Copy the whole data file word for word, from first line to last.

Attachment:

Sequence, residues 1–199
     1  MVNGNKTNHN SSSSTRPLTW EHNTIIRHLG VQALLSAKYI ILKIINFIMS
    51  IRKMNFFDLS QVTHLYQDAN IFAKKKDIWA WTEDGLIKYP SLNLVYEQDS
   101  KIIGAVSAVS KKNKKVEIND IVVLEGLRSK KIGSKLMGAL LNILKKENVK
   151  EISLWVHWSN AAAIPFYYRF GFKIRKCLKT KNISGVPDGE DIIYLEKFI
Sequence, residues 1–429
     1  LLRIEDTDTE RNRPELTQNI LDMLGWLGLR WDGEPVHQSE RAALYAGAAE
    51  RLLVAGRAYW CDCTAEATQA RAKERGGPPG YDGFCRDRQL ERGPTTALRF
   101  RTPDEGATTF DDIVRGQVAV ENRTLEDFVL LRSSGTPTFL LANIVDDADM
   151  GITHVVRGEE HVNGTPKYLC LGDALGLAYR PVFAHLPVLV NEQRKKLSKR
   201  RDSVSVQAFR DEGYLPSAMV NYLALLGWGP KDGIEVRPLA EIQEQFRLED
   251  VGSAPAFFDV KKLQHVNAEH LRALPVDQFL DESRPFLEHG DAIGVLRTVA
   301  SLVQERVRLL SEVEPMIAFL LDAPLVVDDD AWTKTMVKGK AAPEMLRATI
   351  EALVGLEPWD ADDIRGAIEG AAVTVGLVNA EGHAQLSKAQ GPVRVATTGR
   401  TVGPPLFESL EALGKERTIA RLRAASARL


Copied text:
Sequence, residues 1–199
     1  MVNGNKTNHN SSSSTRPLTW EHNTIIRHLG VQALLSAKYI ILKIINFIMS
    51  IRKMNFFDLS QVTHLYQDAN IFAKKKDIWA WTEDGLIKYP SLNLVYEQDS
   101  KIIGAVSAVS KKNKKVEIND IVVLEGLRSK KIGSKLMGAL LNILKKENVK
   151  EISLWVHWSN AAAIPFYYRF GFKIRKCLKT KNISGVPDGE DIIYLEKFI
Sequence, residues 1–429
     1  LLRIEDTDTE RNRPELTQNI LDMLGWLGLR WDGEPVHQSE RAALYAGAAE
    51  RLLVAGRAYW CDCTAEATQA RAKERGGPPG YDGFCRDRQL ERGPTTALRF
   101  RTPDEGATTF DDIVRGQVAV ENRTLEDFVL LRSSGTPTFL LANIVDDADM
   151  GITHVVRGEE HVNGTPKYLC LGDALGLAYR PVFAHLPVLV NEQRKKLSKR
   201  RDSVSVQAFR DEGYLPSAMV NYLALLGWGP KDGIEVRPLA EIQEQFRLED
   251  VGSAPAFFDV KKLQHVNAEH LRALPVDQFL DESRPFLEHG DAIGVLRTVA
   301  SLVQERVRLL SEVEPMIAFL LDAPLVVDDD AWTKTMVKGK AAPEMLRATI
   351  EALVGLEPWD ADDIRGAIEG AAVTVGLVNA EGHAQLSKAQ GPVRVATTGR
   401  TVGPPLFESL EALGKERTIA RLRAASARL